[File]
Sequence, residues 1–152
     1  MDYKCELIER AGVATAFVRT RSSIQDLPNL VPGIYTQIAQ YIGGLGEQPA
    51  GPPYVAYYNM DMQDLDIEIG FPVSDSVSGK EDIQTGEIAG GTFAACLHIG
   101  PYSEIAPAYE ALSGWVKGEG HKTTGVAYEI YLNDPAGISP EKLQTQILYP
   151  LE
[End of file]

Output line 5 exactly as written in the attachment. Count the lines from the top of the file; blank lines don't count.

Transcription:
   151  LE